Marriage Matters

Menopause and Cognitive Decline

This article was posted on: September 17, 2019

Most woman over the age of 45 will tell you that they have noticed some cognition issues like walking into a room and asking themselves, “now what did I come in here for”. By 50 almost all women will tell you that their thinking is less crisp and fuzzier. Why is this? 

According to a study recently reported in Medscape Medical News, hormonal changes resulting from menopause have a negative effect on cognition. As a woman’s reproductive hormones begin to wane, so does her ability to think quickly and clearly.

In this study, researchers wanted to see if the cognitive decline was more or less pronounced in women who went into menopause early because of a hysterectomy or chemotherapy. The results showed that the earlier age at surgical or chemical menopause, the steeper the slope of global decline. In fact, each year of earlier menopause was similar to the cognitive effects associated with 6 months of aging.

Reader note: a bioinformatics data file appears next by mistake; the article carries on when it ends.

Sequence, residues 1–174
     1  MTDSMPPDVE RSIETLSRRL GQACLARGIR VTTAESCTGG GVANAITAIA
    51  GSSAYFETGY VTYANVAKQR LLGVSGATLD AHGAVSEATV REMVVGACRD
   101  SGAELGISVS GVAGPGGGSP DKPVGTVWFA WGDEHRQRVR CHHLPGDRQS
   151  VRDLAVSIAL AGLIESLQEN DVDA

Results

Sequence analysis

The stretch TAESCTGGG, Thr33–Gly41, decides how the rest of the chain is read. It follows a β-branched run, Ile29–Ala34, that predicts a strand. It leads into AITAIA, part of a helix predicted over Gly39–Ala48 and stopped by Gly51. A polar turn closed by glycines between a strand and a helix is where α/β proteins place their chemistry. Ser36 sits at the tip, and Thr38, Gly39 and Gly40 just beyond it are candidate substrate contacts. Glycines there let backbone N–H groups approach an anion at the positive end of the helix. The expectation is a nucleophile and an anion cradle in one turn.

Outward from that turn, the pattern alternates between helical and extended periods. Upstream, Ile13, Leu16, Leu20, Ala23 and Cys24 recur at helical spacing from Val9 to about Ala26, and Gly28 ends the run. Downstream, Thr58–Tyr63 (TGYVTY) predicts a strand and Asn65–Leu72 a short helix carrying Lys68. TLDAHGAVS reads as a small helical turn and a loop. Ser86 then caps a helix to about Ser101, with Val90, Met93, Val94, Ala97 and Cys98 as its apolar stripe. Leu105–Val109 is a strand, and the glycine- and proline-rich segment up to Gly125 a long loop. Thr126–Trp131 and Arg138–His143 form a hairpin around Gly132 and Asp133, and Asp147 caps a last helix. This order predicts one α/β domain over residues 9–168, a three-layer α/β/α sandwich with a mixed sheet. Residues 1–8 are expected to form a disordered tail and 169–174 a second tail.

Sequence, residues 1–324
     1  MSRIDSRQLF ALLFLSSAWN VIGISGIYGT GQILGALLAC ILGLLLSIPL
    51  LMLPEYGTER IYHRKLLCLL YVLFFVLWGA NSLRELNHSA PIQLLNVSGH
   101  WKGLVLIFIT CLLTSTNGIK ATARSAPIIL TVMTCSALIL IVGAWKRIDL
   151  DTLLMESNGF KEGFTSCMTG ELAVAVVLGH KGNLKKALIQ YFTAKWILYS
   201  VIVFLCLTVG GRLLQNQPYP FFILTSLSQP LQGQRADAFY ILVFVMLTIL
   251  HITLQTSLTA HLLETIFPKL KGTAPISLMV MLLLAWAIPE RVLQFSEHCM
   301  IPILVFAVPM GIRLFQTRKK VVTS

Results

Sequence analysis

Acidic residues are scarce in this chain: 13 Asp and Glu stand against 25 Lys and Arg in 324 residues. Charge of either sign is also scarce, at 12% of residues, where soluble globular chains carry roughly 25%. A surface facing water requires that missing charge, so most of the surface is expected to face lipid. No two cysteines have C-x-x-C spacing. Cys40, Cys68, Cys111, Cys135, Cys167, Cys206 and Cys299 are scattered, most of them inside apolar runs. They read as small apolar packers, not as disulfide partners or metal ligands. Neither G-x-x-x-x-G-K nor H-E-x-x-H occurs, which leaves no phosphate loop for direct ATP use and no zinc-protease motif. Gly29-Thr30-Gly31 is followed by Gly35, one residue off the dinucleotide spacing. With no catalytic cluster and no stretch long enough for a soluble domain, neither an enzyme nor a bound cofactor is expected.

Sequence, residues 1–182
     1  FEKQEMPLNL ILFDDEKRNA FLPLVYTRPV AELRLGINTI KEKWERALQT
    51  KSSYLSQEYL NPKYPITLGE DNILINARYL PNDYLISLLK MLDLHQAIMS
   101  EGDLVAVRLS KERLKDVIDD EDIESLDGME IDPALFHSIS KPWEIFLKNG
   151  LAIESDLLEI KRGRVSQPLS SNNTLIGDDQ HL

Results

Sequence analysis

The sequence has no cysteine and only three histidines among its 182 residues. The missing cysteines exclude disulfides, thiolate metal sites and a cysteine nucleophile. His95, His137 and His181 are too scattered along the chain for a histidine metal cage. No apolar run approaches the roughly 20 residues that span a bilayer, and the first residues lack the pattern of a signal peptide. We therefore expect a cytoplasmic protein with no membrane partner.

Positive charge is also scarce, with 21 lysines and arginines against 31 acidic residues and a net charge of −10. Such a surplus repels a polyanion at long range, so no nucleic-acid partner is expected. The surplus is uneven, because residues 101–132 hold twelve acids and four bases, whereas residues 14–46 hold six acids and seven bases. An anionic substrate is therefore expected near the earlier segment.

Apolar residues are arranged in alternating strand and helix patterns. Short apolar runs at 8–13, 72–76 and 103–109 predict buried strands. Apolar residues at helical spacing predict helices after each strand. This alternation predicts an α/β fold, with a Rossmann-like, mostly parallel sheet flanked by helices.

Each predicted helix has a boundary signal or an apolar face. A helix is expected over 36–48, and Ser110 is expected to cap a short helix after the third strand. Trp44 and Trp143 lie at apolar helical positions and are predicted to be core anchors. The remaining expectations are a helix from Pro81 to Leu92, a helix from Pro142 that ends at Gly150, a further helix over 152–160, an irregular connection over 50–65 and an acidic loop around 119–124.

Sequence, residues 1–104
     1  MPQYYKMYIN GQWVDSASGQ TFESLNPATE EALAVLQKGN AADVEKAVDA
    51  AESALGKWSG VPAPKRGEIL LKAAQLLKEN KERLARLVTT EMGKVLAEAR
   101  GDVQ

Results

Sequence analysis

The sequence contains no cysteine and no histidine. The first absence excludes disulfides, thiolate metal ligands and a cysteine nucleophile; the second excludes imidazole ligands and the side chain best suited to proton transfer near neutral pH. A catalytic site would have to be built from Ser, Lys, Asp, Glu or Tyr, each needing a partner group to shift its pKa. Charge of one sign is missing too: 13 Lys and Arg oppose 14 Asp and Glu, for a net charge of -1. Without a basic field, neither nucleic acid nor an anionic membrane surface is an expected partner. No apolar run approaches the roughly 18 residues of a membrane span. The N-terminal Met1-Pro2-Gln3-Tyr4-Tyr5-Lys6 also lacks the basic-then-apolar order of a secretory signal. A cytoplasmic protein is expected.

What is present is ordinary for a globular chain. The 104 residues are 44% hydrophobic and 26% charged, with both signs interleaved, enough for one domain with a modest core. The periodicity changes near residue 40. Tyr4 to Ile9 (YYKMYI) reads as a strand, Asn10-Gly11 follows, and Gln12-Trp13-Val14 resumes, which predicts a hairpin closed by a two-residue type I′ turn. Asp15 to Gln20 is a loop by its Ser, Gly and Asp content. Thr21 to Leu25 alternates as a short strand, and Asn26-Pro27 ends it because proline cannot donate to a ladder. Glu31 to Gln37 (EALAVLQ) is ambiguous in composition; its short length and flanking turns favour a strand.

The hypothesis for the shown decline is that, unlike the natural process of menopause, a surgical or chemically induced menopause results in a very abrupt withdrawal of estrogens from the ovaries. This rapidity along with the earlier timing of the withdrawal is likely the cause of the cognitive decline.

The researchers did note that women who undergo an early menopause should talk with their doctors about various hormonal replacement therapies and evaluate the risks with the benefits of this medical intervention.

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